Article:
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    identification/reverse engineer of possible lz compression

    I am doing a translation project for the PSP version of a game released by Prototype (Japanese company), but I am having trouble with some GIM files (image files).
    Now the actual problem is not with the gim format, but a compression that has been placed on the gim files, but before that I will clarify a few thins.
    Some of the GIM's work, however sometimes a GIM file appears that neither puyotools or GimConv (software that converts gim to png) can handle. The GIM that doesn't work is a little different in appearance.
    I know its a GIM file because it starts with: MIG.00.1PSP, though to be exact, its a little different and written like this:

    [integer equals 16, signature?] [integer equals 131792] [MIG.00.1PSP, but where a 00 HEX is placed between each hex byte]

    like this:

    10 00 00 00 D0 02 02 00 4D 00 49 00 47 00 2E 00 30 00 30 00
    2E 00 31 00 50 00 53 00 50 00 00 00

    Each of the compressed GIM files starts with these two integers values (however an image I have with smaller resolution has a different second integer). I have allready tried removing these two integers and also tried replacing M(00)I(00)G(00).(00)0(00)0(00).(00)1(00)P(00)S(00) P(00), with simply MIG.00.1PSP, but that just ended up making GIMConv saying: wrong chunk data.

    Also I have tried analyzing the file with signsrch and TrID to look for hints of some sort, but signsrch finds nothing and TrID only finds: "100 .0% (.) LTAC compressed audio (v1.61) (1001/2)"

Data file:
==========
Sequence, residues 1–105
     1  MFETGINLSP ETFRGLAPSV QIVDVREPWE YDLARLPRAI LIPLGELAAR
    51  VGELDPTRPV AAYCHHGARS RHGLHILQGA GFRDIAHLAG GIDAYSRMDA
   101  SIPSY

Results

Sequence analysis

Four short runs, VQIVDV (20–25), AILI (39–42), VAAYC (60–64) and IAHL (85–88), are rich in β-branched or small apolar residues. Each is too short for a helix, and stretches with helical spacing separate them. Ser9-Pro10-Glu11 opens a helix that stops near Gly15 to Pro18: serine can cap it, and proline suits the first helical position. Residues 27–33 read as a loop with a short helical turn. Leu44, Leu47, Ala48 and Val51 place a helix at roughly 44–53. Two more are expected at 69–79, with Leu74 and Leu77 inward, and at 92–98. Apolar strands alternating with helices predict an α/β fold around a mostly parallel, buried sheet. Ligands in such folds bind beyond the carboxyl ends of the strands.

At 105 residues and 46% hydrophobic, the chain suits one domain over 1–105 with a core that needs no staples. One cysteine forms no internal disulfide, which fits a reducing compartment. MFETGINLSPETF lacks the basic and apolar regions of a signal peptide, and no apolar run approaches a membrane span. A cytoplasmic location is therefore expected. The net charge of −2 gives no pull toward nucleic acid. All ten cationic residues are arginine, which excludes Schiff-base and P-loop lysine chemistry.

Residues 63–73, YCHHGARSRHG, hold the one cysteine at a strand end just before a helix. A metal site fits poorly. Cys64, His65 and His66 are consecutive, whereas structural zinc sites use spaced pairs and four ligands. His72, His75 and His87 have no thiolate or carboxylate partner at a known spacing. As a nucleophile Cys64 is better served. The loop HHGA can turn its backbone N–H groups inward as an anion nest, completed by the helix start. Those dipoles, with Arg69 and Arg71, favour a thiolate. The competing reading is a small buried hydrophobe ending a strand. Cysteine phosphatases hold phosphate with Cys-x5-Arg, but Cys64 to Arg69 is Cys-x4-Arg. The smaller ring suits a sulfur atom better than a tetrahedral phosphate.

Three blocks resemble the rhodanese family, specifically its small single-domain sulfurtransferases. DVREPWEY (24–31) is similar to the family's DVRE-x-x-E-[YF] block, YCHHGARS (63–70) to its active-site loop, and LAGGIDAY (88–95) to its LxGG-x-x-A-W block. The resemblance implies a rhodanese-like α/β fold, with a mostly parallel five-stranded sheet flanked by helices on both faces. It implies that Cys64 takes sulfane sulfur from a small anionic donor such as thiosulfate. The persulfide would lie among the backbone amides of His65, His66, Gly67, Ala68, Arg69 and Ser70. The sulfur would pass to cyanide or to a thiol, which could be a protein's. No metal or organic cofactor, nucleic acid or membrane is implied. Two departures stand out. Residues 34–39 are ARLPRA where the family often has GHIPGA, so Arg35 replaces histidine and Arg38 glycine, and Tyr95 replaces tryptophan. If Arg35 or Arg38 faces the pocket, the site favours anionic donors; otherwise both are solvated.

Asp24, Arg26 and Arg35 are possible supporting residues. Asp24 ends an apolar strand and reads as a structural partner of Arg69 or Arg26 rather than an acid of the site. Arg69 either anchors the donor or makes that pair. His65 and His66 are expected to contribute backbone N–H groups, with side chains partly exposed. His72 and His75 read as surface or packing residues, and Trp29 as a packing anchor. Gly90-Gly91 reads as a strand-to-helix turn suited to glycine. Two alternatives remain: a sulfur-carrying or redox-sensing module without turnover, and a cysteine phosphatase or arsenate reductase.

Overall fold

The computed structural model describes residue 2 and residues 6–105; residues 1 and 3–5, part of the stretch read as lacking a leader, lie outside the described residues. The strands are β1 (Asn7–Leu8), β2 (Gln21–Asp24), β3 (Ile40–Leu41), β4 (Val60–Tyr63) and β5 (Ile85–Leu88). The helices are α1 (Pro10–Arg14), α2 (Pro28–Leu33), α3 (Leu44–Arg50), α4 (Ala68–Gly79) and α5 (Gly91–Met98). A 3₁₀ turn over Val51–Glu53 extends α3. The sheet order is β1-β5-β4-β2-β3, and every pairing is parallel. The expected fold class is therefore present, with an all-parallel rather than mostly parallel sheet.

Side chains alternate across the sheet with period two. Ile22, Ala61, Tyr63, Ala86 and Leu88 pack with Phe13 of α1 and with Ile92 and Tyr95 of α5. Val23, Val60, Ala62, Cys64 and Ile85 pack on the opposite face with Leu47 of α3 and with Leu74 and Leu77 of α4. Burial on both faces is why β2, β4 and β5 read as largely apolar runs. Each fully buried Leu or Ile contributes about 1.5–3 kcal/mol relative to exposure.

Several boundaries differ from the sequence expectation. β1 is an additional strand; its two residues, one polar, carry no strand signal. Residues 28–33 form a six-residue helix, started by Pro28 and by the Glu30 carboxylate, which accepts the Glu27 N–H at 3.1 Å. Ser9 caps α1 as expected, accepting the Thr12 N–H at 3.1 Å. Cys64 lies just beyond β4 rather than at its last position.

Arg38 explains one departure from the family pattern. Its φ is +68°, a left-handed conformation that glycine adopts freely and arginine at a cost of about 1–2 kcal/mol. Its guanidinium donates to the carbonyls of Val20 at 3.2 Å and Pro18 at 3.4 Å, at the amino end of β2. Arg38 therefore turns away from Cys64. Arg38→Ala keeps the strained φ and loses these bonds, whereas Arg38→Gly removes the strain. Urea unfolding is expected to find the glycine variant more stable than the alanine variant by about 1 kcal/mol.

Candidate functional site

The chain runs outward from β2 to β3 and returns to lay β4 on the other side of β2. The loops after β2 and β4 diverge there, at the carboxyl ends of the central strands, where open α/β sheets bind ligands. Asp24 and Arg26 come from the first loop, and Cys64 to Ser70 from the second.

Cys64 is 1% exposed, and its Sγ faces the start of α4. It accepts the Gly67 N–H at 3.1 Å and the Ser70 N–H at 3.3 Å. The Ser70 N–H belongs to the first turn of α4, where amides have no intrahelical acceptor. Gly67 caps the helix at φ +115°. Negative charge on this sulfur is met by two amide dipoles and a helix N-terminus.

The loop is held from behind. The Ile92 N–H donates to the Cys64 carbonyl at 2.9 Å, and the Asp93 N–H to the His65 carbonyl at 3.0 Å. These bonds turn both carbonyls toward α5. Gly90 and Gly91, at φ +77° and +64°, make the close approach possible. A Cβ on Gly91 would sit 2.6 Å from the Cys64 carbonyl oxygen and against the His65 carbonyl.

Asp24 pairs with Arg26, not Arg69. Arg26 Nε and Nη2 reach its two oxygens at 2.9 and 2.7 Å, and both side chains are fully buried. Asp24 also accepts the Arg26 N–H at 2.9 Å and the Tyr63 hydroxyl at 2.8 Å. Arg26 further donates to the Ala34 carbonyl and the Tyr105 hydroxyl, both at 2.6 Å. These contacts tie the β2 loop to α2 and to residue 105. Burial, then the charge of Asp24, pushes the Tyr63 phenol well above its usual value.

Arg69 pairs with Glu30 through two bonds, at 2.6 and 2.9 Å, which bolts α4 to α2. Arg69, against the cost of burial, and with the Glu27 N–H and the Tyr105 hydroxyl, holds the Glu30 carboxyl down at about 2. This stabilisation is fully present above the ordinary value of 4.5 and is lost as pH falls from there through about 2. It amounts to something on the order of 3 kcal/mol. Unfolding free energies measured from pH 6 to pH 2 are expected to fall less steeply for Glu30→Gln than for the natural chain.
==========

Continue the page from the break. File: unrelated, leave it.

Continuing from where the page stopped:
Here is the file called to keep the expected output simple: black.gim

    Here is a random CG:

    Here is a random gim file for refference to how an uncompressed version should look like. Notice that the first 4 bytes of the second line indicates the file size minus 16.
    Another thing is the int after MIG.001.PSP, which I from different sources has found to be the version number. Therefore, all the compressed files should problably get that int there too.
    Update: I believe this is some kind of lz compression, but I haven't figured out which one yet. Tried lz01,lz00,lz10,lz11,CXLZ, lzss . It seems to me that it begins with a 10 byte like lz, it makes MIG.001.PSP become seperated by 00, due to the compression relying on value, key pair, where I believe the key 0 means that values should be directly send to the output. <- if you are confident that its one of the compressions I have tried, please say so too as it could very well just be the tools I used to try those compressions that was wrong with. GZIP and deflate was tried using .NET's System.IO.Compression in C# and the others has been tried using something called Puyo tools.

    Steps for my current algorithm that doesn't work after having found the version number:
    Start at byte 9.

    1. Get next 2 bytes, we'll call the first byte value and the second byte key.

    2. Is Key equal to zero?

    - write value to decompressed output
    - go to 1).

    3. Is Key greater than zero?

    - Remember the value of (the short int16 value of Value, Key - 1) as lookupValue
    - look at byte 8 + (lookupValue - 1) * 2
    - while the bytepair at lookupValue has a key higher than zero, do 3) on that too.
    - when 2) has been found, write the value of that to output and each lookup shall extend the output by the same value. In other words, 00 00 01 01 outputs 00 00 00.

    4. Go to 1. if end of file hasn't been reached.

    However this only works till the end of version number. The size of file is much larger than filesize minus 16 when I tried my algorithm on black.gim.. however I hope this pseudo code despite being the wrong solution give some ideas.

    I'll be really happy if anybody could give me some input or lead
    Last edited by patr0805; 27th February 2014 at 03:17.

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